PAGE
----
AFib Treatments: ACE Inhibitors and ARBs

Medically Reviewed by James Beckerman, MD, FACC on July 08, 2022
3 min read

Atrial fibrillation, or AFib, is the most common heart rhythm disorder. With AFib, the beating of the upper chambers of your heart (the atria) becomes irregular, and blood has a harder time reaching your ventricles, which are the lower chambers of your heart.

High blood pressure accounts for about 1 in 5 cases of AFib. High blood pressure can have an effect on the structure and function of the heart.

Your cardiologist has several ways of treating your AFib. They include:

  • Drugs to help control your heart’s rhythm and rate
  • Blood thinners to prevent blood clots from forming and reduce stroke risk
  • Surgery
  • Medicine and changes in lifestyle to manage AFib risk factors

Two medications, angiotensin-converting enzyme inhibitors, known as ACE inhibitors, and angiotensin-receptor blockers (ARBs), can have protective effects against AFib.

Both drugs reduce new cases of AFib in people with high blood pressure. ARBs do a better job preventing AFib for people who have had a stroke or a TIA (transient ischemic attack), also known as a “mini stroke.”

Some types of AFib are more serious and require more aggressive treatment than others.

  • Occasional: Symptoms such as fast heartbeat, dizziness, and shortness of breath last for a few minutes or hours but come and go.
  • Persistent: Medications are needed to restore and maintain a normal heart rhythm.
  • Long-standing persistent: Symptoms are continuous and last longer than a year.
  • Permanent: With permanent AFib, medications are needed to control your heart rate and prevent blood clots.

Whether your AFib is occasional or permanent, your doctor may recommend  an ACE inhibitor to lower your blood pressure. These drugs help relax your veins and arteries. ACE inhibitors keep your body from producing angiotensin II, a hormone that can narrow your blood vessels and cause your heart to work harder.

ACE inhibitors can prevent the development or reduce the recurrence of AFib. They also treat  other heart problems, including arterial hypertension, heart failure, and coronary artery disease.

Your cardiologist has many ACE inhibitors to choose from. The drugs you take will depend on your overall health and other conditions you may have besides AFib. Those medications include:

  • Benazepril (Lotensin)
  • Captopril
  • Enalapril (Vasotec)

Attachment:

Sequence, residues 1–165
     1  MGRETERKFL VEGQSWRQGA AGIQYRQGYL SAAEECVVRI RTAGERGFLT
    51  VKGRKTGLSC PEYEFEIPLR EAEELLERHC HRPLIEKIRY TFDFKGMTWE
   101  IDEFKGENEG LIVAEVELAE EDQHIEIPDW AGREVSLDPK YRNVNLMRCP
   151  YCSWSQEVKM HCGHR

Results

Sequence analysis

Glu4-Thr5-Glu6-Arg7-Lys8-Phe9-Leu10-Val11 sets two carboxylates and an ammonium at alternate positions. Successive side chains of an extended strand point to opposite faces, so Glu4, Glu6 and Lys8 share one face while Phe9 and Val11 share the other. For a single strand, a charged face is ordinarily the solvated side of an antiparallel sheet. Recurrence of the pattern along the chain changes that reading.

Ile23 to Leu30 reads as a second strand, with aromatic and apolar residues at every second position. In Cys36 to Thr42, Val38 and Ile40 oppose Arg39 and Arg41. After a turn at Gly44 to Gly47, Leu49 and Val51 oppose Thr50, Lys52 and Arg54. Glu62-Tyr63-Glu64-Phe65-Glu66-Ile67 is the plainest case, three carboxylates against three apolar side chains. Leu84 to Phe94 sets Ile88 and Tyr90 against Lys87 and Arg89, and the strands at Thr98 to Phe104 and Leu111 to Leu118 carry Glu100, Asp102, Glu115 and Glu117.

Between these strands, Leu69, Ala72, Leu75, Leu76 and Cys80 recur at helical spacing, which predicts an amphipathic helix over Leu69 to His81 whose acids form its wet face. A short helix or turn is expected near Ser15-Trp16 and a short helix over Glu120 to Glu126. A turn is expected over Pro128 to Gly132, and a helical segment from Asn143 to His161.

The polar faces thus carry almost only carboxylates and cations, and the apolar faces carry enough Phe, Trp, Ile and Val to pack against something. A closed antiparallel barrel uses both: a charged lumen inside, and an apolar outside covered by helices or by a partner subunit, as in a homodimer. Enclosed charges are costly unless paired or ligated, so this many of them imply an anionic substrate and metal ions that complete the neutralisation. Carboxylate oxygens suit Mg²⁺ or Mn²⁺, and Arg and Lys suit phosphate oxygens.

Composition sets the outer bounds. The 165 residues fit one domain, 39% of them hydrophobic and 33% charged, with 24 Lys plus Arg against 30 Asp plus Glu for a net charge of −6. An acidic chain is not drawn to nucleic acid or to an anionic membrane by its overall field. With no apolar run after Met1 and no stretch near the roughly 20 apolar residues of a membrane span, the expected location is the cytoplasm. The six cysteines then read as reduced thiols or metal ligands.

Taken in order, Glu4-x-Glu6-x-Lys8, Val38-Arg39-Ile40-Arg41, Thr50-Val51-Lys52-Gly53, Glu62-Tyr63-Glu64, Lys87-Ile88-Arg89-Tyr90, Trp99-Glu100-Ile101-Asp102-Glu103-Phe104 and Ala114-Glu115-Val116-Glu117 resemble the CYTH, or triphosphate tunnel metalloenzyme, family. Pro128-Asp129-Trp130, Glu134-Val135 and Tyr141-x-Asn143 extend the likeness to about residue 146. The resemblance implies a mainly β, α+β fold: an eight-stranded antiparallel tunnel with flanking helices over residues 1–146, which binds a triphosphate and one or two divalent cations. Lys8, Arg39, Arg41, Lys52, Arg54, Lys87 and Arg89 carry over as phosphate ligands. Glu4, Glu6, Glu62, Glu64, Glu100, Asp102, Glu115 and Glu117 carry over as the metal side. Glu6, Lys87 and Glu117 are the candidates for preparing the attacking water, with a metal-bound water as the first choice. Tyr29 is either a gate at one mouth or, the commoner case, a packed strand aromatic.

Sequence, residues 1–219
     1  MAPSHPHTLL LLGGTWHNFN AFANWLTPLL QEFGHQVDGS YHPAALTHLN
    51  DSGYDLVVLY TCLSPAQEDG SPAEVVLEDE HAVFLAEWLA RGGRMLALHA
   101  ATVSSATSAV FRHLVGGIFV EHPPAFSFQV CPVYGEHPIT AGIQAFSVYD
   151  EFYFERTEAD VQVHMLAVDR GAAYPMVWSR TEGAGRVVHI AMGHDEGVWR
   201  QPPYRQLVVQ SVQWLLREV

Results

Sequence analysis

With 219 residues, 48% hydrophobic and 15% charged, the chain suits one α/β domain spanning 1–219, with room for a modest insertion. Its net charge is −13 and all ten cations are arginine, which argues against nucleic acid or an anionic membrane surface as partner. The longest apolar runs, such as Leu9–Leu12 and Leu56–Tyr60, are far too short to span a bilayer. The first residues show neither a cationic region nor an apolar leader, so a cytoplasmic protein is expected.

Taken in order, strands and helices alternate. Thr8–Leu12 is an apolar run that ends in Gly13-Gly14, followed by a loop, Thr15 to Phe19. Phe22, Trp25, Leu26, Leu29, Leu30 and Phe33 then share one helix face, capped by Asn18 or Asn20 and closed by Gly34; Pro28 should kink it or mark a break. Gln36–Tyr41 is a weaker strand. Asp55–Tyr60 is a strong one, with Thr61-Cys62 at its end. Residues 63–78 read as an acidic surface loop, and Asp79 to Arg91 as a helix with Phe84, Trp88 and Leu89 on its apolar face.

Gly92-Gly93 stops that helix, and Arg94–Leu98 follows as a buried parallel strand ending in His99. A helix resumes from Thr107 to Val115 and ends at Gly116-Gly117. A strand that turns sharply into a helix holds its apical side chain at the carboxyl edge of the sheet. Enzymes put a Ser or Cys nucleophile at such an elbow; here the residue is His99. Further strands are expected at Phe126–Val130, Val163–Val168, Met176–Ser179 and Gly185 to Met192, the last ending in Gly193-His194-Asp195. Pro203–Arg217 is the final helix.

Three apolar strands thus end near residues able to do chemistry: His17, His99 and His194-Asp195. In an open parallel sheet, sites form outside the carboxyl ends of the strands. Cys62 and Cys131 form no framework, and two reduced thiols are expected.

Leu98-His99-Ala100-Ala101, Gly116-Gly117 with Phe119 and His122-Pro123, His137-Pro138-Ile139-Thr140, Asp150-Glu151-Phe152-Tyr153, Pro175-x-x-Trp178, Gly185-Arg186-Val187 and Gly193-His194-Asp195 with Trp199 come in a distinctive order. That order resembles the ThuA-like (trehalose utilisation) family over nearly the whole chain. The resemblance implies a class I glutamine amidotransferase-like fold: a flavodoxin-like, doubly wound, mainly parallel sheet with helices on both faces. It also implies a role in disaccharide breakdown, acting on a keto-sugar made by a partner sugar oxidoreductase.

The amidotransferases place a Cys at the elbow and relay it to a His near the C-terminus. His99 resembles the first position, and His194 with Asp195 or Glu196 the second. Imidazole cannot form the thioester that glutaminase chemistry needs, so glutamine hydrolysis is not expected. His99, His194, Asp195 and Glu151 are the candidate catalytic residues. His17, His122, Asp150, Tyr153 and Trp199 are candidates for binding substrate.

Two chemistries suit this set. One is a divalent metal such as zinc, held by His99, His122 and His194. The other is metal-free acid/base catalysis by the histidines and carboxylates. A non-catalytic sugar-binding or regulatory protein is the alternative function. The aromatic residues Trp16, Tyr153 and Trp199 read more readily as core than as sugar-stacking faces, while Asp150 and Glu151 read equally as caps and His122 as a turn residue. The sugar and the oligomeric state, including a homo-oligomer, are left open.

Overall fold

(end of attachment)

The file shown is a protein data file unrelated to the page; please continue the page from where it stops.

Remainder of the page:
• Fosinopril
  • Lisinopril (Prinivil, Zestril)
  • Moexipril
  • Perindopril
  • Quinapril (Accupril)
  • Ramipril (Altace)
  • Trandolapril

Side effects of ACE inhibitors

You may have some side effects from taking ACE inhibitors. They include:

  • Dry cough
  • Increased potassium levels in the blood
  • Fatigue
  • Dizziness from low blood pressure
  • Headaches
  • Loss of taste

Another effective drug for your AFib may be an ARB, or angiotensin receptor blocker. The hormone angiotensin II can increase your blood pressure by constricting your blood vessels. It can also cause your body to retain salt and water, which also increases your blood pressure.

Some common ARB medications include:

  • Candesartan
  • Irbesartan
  • Losartan
  • Valsartan

Side effects of ARBs

Some side effects of ARBs include:

  • Dizziness
  • Headache
  • Fatigue

You should also avoid ARBs if you are pregnant or plan to become pregnant.

High blood pressure is the most common risk factor for AFib. Lowering your blood pressure with medications including ACE inhibitors and ARBs may reduce the risks of AFib.

Most people who take ACE inhibitors and ARBs are likely to be on these medications for a long time. Even if your blood pressure is under control, high blood pressure will return if you stop taking these medications.

People with AFib have a much higher risk of having a stroke. A stroke happens when the blood going to your brain is blocked by a blood clot or a buildup of fatty deposits (plaque) in blood vessels.

A healthier lifestyle can also lower your chance of developing atrial fibrillation. Some tips that are good for your heart health include:

  • A nutritious diet
  • Regular exercise
  • Stop smoking
  • Limit alcohol and caffeine
  • Manage stress